Rhinegold Photo credit: Ellie Kurttz
Young people were able to participate in the performance in a number of ways, including simulating a meteor shower

Sarah Lambie

The Star Seekers

8:57, 19th June 2018

This summer, from 8 August-1 September, The Wardrobe Ensemble brings their show The Star Seekers to the National Theatre’s Dorfman Theatre to inspire three to eight-year-olds about outer space.

On Friday, I was lucky enough to attend a sneak preview with an invited audience and school group, and I loved it!

Jack Drewry, Jesse Meadons and Ben Vardy in The Star Seekers Photo by Ellie Kurttz

Credit: Ellie Kurttz

Alph, Betty and Gammo, played by Ben Vardy, Jesse Meadows and Jack Drewry, take their audience on an adventure beyond the milky way, large sections of which are improvised based on suggestions from the young people in the audience.

It’s a glorious exploration of the imagination of children, with education and the wonder of theatre woven seamlessly in. On a light-hearted mission to find three orbs which will power an energy drive designed to provide infinite power to the planet (a quiet nod to the need for a solution to our global non-renewable energy problem), Alph, Betty and Gammo visit planets made of whatever the children choose, and meet aliens similarly imagined by the audience. In remarkable feats of quick-fire improvisation they sing songs incorporating the names children have made up for these planets and aliens, as well as inhabiting characters such as stars and even a black hole.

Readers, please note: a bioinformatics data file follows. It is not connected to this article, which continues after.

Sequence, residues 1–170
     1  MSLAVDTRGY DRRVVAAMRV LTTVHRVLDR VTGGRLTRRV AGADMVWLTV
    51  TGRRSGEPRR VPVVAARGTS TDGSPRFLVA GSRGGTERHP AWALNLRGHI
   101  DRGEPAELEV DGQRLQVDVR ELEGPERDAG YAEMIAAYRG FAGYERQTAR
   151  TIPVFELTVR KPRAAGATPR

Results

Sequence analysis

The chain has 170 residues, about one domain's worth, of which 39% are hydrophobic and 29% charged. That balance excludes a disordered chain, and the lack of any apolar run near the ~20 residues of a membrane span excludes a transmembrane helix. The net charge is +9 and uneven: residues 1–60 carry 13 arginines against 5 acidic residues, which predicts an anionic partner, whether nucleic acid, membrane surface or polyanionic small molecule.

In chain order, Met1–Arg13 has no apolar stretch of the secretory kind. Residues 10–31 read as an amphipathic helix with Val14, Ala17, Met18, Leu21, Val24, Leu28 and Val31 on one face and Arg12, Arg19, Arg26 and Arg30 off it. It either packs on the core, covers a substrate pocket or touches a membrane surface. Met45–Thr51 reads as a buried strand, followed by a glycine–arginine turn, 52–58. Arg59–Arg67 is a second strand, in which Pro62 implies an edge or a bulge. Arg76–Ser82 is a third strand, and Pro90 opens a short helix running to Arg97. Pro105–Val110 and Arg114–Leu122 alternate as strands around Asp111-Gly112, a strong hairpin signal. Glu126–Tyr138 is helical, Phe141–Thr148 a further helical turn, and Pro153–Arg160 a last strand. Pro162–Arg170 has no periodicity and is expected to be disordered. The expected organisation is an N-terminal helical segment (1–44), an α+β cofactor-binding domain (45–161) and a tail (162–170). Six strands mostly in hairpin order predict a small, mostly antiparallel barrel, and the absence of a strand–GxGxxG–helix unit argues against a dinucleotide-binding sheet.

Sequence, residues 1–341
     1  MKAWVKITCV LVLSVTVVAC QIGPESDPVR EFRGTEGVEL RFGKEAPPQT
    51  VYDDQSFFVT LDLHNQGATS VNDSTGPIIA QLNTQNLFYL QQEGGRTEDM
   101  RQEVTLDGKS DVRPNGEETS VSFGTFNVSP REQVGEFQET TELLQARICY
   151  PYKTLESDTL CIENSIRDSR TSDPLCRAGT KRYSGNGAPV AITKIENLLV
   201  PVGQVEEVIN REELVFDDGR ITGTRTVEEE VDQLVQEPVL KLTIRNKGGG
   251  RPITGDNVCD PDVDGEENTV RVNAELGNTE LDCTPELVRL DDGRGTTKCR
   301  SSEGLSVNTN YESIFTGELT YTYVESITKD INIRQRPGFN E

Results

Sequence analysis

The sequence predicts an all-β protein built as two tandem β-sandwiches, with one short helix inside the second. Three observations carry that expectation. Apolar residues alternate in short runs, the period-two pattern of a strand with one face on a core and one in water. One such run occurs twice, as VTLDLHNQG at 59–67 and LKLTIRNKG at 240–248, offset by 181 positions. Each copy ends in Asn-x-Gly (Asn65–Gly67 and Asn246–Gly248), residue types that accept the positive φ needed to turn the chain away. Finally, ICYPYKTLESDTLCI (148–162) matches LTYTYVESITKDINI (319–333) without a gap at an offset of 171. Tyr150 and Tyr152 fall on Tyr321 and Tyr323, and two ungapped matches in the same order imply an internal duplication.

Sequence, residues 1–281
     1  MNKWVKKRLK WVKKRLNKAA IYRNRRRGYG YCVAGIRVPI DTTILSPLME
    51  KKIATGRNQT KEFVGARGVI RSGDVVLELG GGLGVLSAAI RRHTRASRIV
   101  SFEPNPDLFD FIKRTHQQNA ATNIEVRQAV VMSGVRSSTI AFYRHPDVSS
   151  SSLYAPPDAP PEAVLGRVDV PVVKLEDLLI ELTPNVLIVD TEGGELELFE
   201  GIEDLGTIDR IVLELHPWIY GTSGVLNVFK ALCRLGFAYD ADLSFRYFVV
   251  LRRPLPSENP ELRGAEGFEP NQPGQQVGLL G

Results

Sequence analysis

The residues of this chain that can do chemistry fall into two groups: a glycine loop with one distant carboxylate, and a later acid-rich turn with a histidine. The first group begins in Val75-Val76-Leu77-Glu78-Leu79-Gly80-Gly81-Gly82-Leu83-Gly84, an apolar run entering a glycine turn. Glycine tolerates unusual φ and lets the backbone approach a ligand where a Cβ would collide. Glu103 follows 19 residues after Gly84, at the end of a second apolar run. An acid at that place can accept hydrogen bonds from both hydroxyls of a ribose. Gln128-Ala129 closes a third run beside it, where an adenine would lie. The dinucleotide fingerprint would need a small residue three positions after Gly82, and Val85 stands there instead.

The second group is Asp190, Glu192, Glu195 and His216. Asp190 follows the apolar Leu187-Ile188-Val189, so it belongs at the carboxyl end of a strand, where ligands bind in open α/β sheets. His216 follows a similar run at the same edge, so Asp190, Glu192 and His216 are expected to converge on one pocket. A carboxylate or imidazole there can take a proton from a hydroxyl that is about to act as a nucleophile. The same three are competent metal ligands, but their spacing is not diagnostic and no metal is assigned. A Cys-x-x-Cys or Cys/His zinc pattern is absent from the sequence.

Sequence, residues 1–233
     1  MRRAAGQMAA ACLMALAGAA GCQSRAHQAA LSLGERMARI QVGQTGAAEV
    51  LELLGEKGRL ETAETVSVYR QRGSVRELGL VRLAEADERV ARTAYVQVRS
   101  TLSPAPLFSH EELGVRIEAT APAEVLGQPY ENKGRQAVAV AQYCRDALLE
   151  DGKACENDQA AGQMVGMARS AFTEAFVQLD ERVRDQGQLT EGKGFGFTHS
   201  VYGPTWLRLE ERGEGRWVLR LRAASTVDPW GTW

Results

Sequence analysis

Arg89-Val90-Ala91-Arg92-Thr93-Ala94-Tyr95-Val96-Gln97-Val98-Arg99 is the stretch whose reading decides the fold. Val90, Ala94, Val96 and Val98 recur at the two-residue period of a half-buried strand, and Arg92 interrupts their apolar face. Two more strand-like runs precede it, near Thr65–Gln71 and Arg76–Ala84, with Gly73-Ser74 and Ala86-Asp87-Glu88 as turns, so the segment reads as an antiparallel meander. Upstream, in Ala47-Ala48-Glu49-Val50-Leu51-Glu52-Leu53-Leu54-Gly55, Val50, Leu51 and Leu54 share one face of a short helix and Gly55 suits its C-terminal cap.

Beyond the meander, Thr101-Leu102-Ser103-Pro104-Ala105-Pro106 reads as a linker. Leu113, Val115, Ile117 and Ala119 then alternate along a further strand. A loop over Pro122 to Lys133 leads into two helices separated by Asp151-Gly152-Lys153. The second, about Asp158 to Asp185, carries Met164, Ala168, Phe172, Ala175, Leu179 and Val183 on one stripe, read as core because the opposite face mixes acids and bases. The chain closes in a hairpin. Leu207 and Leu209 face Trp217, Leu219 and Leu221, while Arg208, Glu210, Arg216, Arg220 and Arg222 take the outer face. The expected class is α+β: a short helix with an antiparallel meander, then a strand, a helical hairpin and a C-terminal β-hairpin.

The young people in the audience were completely transported, utterly focussed, and having a ball – especially when given license to participate in a meteor shower by hurling balled-up newspaper at one of the characters. They also raised some really interesting questions at the end – not, as I had anticipated, about space, but about theatre: whether Alph, Betty and Gammo were the actors’ real names; what they had made their set from; how long it had taken them to make the show… Apart from being brilliant fun, therefore, this production serves a dual educational purpose: engaging children as young as 3 with science and art at the same time. I can’t recommend it enough.

Click here to buy tickets and for details about family workshops.

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